The IPCC in fact increased its prediction of sea and land ice melting, speculating that by 2100 sea levels will have risen 10-32 inches, a much higher range than the 7-23 inches predicted in the previous report.  However while ice-melting predictions have risen, predictions of global temperatures have been significantly cut.  The IPCC's four primary climate models show the Earth's mean surface temperature in 2100 will be between 0.3-4.8 ºC (0.5-8.6 ºF) higher than today.  That's down from a range of 1.1-6.4 ºC (2.0-11.5 ºF) in the previous report.

Suntanning
Summertime sadness -- IPCC now says temperature may only rise half a degree by 2100. [Image Source: Alaska in Pictures]

Glaciologist and climate researcher Prof. Heinz Miller of the Alfred Wegener Institute for Polar and Marine Research told Der Spiegel, "The stagnation in temperature does not negate the physical evidence of global warming.  [But a] scientific study is not a guarantee for infallibility.  There is still a considerable need for more research."

IV. Government Leaders are Frustrated With the IPCC for Acknowledging Reality

But policy makers don't want to wait for more research -- they want to take action immediately, and spend big on schemes that are claimed to "fight warming".

While some skeptics aren't happy with the IPCC for not making bigger cuts to temperature predictions over the next decade, some global warming proponents are equally outraged at the IPCC for cutting predictions at all.  Reportedly some politicians tried to pressure the IPCC to leave data acknowledging the warming stall out of the report.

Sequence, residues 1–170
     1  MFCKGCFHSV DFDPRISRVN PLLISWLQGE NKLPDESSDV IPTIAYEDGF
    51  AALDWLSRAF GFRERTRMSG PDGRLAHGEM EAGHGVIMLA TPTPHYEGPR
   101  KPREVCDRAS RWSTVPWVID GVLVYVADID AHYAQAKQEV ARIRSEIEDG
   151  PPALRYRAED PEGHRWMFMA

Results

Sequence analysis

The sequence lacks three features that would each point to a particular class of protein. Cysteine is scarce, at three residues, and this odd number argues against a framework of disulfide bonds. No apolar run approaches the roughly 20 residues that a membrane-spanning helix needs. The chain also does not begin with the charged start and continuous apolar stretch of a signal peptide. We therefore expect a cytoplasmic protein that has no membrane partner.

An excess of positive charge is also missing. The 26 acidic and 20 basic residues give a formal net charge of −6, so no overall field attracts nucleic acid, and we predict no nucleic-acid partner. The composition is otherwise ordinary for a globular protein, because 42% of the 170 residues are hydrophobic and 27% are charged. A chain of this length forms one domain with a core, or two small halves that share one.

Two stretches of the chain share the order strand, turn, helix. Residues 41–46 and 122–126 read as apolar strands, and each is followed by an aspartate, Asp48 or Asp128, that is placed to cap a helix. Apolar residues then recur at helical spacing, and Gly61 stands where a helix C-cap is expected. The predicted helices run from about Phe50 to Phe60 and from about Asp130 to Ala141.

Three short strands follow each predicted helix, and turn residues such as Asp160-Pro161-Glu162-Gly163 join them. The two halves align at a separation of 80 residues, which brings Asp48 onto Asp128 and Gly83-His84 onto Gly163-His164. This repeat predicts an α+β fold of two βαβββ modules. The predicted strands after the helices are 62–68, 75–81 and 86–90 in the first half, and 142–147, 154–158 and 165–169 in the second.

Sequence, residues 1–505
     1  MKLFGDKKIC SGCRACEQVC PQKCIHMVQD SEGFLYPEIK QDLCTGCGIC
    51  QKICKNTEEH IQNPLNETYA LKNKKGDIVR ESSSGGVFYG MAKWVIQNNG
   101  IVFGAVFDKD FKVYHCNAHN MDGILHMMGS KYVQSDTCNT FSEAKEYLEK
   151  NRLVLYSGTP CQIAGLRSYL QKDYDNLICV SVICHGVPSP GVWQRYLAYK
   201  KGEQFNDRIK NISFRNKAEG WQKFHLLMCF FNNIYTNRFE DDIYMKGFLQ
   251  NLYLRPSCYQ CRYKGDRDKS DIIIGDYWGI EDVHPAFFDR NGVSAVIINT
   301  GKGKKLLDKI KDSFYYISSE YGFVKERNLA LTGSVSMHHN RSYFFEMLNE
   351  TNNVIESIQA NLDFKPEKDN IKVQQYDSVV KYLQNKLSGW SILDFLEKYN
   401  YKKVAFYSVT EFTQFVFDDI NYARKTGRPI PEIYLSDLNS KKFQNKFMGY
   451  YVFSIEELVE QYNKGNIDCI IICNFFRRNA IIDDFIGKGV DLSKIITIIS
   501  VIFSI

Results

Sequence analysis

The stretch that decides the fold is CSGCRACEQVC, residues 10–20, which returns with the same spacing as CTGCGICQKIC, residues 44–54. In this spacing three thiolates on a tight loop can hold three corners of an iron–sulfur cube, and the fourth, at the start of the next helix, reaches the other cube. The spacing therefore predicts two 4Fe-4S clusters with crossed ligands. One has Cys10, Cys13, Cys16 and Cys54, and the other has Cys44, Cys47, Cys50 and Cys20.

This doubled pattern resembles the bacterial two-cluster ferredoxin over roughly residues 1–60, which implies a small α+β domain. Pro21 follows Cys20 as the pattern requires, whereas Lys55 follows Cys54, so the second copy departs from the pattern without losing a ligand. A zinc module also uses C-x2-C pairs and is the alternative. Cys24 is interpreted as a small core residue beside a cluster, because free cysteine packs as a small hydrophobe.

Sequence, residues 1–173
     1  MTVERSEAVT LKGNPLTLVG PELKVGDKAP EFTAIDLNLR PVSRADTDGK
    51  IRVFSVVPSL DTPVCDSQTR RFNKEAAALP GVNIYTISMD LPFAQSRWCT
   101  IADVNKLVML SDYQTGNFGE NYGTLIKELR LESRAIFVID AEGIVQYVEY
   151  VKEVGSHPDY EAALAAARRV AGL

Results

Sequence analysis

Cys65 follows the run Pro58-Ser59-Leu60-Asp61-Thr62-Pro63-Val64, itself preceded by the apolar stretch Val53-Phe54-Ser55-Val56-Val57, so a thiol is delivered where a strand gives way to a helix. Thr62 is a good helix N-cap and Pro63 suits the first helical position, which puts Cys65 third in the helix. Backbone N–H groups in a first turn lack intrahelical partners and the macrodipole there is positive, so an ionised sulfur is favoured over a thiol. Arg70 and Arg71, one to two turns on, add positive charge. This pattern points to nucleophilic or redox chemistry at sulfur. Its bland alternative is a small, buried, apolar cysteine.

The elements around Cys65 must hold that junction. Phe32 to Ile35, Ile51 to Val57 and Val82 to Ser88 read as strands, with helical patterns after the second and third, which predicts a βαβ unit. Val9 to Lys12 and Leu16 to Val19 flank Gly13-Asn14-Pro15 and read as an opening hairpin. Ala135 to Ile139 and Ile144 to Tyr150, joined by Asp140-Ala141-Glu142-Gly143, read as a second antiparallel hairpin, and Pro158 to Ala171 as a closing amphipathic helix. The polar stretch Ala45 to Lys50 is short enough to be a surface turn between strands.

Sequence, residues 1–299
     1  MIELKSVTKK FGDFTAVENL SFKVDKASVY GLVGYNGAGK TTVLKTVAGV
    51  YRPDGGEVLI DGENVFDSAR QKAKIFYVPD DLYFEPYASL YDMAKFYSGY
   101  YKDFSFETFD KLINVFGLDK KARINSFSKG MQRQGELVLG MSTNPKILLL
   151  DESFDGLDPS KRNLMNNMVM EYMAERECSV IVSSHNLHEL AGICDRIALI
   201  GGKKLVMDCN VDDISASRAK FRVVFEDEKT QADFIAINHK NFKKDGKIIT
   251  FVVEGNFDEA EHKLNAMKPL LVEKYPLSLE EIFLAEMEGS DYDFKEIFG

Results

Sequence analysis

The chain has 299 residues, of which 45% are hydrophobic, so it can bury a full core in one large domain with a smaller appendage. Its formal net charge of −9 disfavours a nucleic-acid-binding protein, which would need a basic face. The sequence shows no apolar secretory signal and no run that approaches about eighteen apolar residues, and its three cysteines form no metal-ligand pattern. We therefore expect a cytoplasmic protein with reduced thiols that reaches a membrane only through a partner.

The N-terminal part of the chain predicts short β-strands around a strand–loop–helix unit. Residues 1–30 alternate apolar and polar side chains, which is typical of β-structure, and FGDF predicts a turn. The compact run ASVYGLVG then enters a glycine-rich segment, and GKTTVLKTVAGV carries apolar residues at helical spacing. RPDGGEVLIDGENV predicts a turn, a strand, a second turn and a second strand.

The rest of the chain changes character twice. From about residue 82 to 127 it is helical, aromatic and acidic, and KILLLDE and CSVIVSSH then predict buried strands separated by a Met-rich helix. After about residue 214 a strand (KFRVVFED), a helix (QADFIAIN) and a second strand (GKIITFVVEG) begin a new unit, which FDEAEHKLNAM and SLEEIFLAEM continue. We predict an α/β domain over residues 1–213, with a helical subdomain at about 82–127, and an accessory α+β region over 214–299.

Indeed it's much harder to justify trillions in spending on "fighting warming" with tactics we don't even know will work if the temperature increase over the next century is only going to be 1/2 a degree Celsius.  The Global Warming Policy Foundation's (GWPF) director Dr. Benny Peiser a skeptic agrees with the critics to an extent, saying that the cuts certainly don't help policy makers in try to push for expensive legislation.  He comments:

Today the IPCC has taken a huge gamble that will soon determine whether it is still fit for purpose. Unless global temperature begins to rise again in the next few years, the IPCC is very likely going to suffer an existential blow to its credibility.

A recent survey by Der Spiegel showed that only 39 percent of people say they're "afraid" of the effects of global warming -- down substantially from the 69 percent who responded they were afraid in 2006.

Al Gore
AGW political proponents like Al Gore stand to make billions more if they can convince world governments to fully enact their wealth redistribution schemes under the auspice of "fighting warming".
[Image Source: Associated Press]

The IPCC did cave somewhat to government leaders, removing talking points about the temperature stall from its executive summary from the report -- a simplified version of the report designed for politicians and others who don't have the attention span or time to dig into the full report.

Looking ahead in 2015, global leaders are hoping to reach a global agreement to restrict emissions.  However, much of the emissions outlook is out of the hands of the U.S. even if it was worth the economic damage of cutting emissions further (say by rationing gasoline).  China since 2007 has been the biggest emitter of CO2, and it's also the fastest growing source of atmospheric carbon.

Sources: IPCC, CBS, Der Spiegel, GWPF